Abstract: In 2015, the plight of millions of people fleeing war and violence, primarily from Syria, but also from other countries such as Afghanistan and Iraq became front-page news across the world. According to the UN Refugee Agency, UNHCR, one million people attempted to reach Europe, primarily by crossing the Mediterranean, or via what has become known as the Balkan route. These routes are dangerous, and news media frequently reported on capsized boats, and in 2015, IOM[1] reported the deaths of more than 3,700 people in places that in this study are referred to as spaces of (forced) migration. These events largely took place in the public eye, in front of cameras belonging to photojournalists, and other camera-holders, leading to multiple photographs that could and was reproduced continuously in time and space beyond the events themselves. The fact that the events took place in Europe was like a contributing factor to this publicness. Unlike travelling to other continents for reporting, the proximity to many European newsrooms enabled journalists to travel to easily travel to these spaces of (forced) migration to report on the events than unfolded, which presented both opportunities and challenges and of course contributed to the number of reports in European news media.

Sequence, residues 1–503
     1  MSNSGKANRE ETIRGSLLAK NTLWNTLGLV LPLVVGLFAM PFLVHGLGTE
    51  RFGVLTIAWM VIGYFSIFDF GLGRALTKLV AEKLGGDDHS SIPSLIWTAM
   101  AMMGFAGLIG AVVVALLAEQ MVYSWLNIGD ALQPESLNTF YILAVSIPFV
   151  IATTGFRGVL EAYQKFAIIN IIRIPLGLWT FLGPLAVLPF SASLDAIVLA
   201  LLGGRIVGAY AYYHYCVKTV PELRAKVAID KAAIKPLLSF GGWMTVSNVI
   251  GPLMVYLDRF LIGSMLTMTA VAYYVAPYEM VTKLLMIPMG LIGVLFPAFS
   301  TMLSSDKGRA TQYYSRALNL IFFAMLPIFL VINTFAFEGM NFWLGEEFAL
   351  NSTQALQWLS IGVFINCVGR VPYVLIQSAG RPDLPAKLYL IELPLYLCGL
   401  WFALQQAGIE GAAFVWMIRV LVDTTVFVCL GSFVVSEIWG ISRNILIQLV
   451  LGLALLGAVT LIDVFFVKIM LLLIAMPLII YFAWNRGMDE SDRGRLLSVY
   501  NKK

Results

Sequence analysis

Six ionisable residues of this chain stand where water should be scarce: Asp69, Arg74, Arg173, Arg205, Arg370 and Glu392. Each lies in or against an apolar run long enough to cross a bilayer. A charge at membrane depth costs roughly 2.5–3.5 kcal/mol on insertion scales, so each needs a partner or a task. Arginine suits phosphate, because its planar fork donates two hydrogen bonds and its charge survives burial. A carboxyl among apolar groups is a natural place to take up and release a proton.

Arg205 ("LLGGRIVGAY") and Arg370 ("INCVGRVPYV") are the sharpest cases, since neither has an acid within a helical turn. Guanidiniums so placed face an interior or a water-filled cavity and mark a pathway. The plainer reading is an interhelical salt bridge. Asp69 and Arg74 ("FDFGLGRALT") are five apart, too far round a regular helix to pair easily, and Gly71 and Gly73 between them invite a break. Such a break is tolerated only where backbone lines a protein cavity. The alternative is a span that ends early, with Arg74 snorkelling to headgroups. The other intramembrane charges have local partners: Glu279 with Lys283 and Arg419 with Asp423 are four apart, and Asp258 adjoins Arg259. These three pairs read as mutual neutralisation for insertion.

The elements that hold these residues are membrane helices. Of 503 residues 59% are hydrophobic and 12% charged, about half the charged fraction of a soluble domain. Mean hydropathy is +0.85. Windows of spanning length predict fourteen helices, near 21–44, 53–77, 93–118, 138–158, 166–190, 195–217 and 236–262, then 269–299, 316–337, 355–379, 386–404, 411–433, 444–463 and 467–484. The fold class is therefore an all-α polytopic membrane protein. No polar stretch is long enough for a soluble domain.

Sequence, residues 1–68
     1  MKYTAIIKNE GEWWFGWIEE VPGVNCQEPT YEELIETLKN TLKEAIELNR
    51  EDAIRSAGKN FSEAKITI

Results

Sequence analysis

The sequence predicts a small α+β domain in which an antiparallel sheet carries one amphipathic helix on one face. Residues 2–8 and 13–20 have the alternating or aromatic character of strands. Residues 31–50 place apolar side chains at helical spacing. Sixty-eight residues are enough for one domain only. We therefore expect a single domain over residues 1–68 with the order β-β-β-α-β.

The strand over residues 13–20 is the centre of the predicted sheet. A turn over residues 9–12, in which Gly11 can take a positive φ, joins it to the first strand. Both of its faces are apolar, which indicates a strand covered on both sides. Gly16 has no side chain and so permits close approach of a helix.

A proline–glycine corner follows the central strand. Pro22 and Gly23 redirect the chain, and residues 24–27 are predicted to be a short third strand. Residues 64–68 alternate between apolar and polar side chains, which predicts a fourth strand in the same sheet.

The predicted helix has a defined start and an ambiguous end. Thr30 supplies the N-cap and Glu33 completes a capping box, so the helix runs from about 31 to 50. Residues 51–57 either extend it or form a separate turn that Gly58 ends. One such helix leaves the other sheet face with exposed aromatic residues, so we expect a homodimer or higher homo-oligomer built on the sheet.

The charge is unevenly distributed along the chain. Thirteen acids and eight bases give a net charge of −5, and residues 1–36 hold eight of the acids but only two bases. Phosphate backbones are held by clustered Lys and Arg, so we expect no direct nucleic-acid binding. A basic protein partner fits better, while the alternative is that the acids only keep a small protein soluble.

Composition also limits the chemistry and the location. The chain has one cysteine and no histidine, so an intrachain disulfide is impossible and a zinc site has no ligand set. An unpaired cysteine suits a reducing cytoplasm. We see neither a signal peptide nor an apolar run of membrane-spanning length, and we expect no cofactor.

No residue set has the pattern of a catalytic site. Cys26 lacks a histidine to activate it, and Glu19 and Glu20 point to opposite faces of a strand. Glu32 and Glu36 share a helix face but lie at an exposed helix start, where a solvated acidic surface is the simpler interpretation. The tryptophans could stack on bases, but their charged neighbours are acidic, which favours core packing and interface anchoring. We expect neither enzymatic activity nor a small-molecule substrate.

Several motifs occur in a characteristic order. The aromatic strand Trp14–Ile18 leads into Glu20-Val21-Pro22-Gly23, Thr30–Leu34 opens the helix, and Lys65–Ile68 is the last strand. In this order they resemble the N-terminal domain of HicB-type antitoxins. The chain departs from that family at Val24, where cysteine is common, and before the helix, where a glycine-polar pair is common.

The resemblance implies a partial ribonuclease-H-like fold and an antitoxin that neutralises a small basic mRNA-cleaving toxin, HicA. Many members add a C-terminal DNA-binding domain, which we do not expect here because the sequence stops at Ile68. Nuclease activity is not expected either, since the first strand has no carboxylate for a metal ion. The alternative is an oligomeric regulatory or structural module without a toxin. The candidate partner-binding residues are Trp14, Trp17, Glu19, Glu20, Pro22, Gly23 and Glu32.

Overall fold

In this study, drawing on Hannah Arendt, I develop a framework of appearance to investigate how European spaces of (forced) migration, including people moving within and across them, appear in photographs published in newspapers, and why they appear in this way. Through a content analysis of photographs of (forced) migration published in four Swedish newspapers, I find what appear, and in some instances, who appear, in specific photojournalistic events. I define photographs as shareable stories and vehicles power that travel through time and space in the form of an event of photojournalism and look to photojournalism practices to investigate the conditions for appearance. I demonstrate that photojournalists not only deal with emotions, technologies and place, but consider them an integral part of their practices. I consider the implications of photojournalists’ interventions into spaces of (forced) migration and find that photojournalism practice can offer a potential space for refugees and other (forced) migrants to appear as subjects of rights.

External reviewer (opponent): Tina Askanius, Malmö University